APPEAL FROM THE SUPREME COURT OF THE TERRITORY OF NEW MEXICO.
MR. JUSTICE McKENNA delivered the opinion of the court.
1. This case was submitted with No. 106, which was between the same parties, and on the authority of the opinion in that case the judgment of the Supreme Court of the Territory was affirmed. 172 U.S. 171, 186.
The cases were argued together, and it was supposed involved identically the same questions dependent upon a statement of facts which were stipulated. No distinction between the cases
was indicated in the oral argument, and a reference of a few lines in a brief of thirty-five pages was overlooked.
In the petition for rehearing our attention was called to the fact that there is a substantial difference between the matters involved in this cause and those arising in No. 106.The difference is this: In 106 the right of way was in Bernalillo County through land which was public domain, whilst in this case the right of way is in Valencia County across the public domain for 33 miles only, and for 66.7 miles over land which was held in private ownership at the time of the grant to the railroad by the act of 1866. In other words, the railroad company derived its right of way for 33 miles in Valencia County under section 2 of the act of July 27, 1866, and to 66.7 miles under the power conferred by section 7 of said act. This difference was not adverted to in No. 106, and we will now consider the effect of it. In the opinion in 106 we said:
"The right of way is granted to the extent of two hundred feet on each side of the railroad, including necessary grounds for station buildings, workshops, etc. What, then, is meant by the phrase, 'the right of way'? A mere right of passage, says appellant. Per contra, appellee contends that the fee was granted, or, if not granted, that such a tangible and corporeal property was granted, that all that was attached to it became part of it and partook of its exemption from taxation.
"To support its contention appellant urges the technical meaning of the phrase, 'right of way,' and claims that the primary presumption is that it was used in its technical sense. Undoubtedly that is the presumption, but such presumption must yield to an opposing context, and the intention of the legislature otherwise indicated. Examining the statute we find that whatever is granted is exactly measured as a physical thing, not as an abstract right.It is to be two hundred feet wide and to be carefully broadened, so as to include grounds for the superstructures indispensable to the railroad."
After further consideration of what was granted, we also said: "The interest granted by the statute to the Atlantic and Pacific Railroad Company therefore is real estate of corporeal quality, and the principles of such apply. One of these, and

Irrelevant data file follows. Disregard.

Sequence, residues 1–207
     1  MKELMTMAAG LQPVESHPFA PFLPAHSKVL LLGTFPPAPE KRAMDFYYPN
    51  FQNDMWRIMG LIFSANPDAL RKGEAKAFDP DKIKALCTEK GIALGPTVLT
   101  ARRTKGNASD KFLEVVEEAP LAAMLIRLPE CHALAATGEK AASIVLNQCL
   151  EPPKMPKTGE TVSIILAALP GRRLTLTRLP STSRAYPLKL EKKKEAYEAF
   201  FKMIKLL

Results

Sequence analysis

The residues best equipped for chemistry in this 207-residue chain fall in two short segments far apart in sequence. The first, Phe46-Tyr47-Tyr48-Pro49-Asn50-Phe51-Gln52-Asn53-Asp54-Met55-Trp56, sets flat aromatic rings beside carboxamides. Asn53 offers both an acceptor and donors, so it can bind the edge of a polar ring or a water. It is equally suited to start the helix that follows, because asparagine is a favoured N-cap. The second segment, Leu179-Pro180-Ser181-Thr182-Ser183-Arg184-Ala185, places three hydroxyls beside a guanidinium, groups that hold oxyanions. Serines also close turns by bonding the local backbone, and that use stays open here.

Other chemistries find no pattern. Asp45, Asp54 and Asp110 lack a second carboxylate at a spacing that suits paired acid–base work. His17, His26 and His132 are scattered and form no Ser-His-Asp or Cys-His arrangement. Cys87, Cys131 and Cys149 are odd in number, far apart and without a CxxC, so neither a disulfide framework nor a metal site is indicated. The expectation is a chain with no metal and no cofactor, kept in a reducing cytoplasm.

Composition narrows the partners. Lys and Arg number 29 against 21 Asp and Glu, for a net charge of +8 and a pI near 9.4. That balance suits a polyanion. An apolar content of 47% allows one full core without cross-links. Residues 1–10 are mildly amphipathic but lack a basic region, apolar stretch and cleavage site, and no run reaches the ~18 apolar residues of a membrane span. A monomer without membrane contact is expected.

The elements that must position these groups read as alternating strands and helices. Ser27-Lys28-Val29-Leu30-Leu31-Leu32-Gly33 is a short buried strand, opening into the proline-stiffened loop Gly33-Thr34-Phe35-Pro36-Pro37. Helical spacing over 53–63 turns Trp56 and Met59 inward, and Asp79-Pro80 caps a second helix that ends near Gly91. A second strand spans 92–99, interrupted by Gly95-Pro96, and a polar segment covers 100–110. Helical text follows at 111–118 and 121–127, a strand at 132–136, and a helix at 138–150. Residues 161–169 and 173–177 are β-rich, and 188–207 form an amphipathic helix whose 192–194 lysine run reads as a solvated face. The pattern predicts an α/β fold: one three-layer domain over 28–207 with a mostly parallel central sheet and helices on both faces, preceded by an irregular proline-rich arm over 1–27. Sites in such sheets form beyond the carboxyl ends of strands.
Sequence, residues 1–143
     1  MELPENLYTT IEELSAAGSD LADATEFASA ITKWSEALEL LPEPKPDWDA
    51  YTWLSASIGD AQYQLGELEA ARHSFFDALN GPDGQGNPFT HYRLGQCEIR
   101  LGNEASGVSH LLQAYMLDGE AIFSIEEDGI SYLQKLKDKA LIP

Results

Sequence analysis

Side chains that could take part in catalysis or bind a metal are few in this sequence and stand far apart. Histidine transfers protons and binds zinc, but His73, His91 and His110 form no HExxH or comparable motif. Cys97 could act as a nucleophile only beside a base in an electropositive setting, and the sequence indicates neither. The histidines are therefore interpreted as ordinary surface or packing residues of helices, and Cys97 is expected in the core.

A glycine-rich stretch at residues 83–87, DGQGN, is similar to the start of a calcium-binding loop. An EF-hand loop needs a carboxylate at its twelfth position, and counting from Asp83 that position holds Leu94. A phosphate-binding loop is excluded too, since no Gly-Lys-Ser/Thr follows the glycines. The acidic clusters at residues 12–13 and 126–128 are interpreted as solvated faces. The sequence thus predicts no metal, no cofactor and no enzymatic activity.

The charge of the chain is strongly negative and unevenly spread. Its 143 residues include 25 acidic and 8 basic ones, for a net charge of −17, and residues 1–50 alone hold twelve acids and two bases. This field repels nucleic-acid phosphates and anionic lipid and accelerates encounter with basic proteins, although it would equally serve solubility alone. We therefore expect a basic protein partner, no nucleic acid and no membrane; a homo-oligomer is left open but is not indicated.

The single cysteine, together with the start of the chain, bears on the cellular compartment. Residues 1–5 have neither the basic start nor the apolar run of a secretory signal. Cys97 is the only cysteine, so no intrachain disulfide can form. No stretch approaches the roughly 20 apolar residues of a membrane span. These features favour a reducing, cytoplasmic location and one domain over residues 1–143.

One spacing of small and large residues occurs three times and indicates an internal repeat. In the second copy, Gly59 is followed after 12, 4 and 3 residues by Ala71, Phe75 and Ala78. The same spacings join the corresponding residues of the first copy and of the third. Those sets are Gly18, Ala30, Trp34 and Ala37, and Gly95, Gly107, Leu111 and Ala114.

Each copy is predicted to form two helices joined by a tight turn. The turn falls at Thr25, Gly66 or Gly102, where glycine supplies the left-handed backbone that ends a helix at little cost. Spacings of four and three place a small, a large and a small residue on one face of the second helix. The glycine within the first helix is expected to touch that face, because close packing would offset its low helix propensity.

an elemental one, is that whatever is erected upon it becomes part of it." And we concluded that not only the right of way was exempt, but all its superstructures were exempt. But our conclusion was expressly based on the terms of the statute, and we took care to affirm the rule of construction which had been announced many times and in many ways, that the taxing power of the State is never presumed to be relinquished unless the intention be expressed in terms too clear to be mistaken. If a doubt arise as to the intention of the legislature, that doubt must be solved against exemption from taxation.
Applying this rule to the act of July 27, 1866, c. 278, the exemption from taxation must be confined to the right of way granted by the United States by section 2 of the act, and to the superstructures which become a part of it, and not to the right of way which the railroad company may have acquired under section 7, or independently of that section. Section 1 creates the corporation and authorizes it to construct and maintain a continuous railroad and telegraph line from and to certain points, and invests the company with the powers, privileges and immunities necessary to effect that purpose. Section 2 provides: "That the right of way through the public lands be, and the same is hereby granted, to the said Atlantic and Pacific Railroad Company . . . for the construction of a railroad and telegraph line as proposed. . . . Said way is granted to said railroad to the extent of one hundred feet in width on each side of said railroad where it may pass through the public domain, . . . and the right of way shall be exempt from taxation within the Territories of the United States." 14 Stat. 292.
The right of way which is granted and the right of way which is exempt from taxation is precisely identified by the natural and first meaning of the words used and their relations. It would require an exercise of construction to extend the exemption, and even if there are reasons for it, there are certainly reasons against it, and in such conflict the rule requires that the latter shall prevail.
2. It is contended by the appellee that the assessment was invalid because the laws of the Territory required the assessment
of the right of way and its superstructures to be made as an entirety.
The contention is technical. It is not complained that the valuation of the superstructures was excessive, but that they were assessed as personal property, and hence invalidity assessed, because by the laws of the Territory the term "real estate" includes lands to which title has been acquired and improvements, and the term "improvements" includes all buildings, structures, fixtures and fences erected upon or fixed to land, whether title has been acquired or not.
The record does not afford the means of judging of the contention as clearly as might be wished, but ...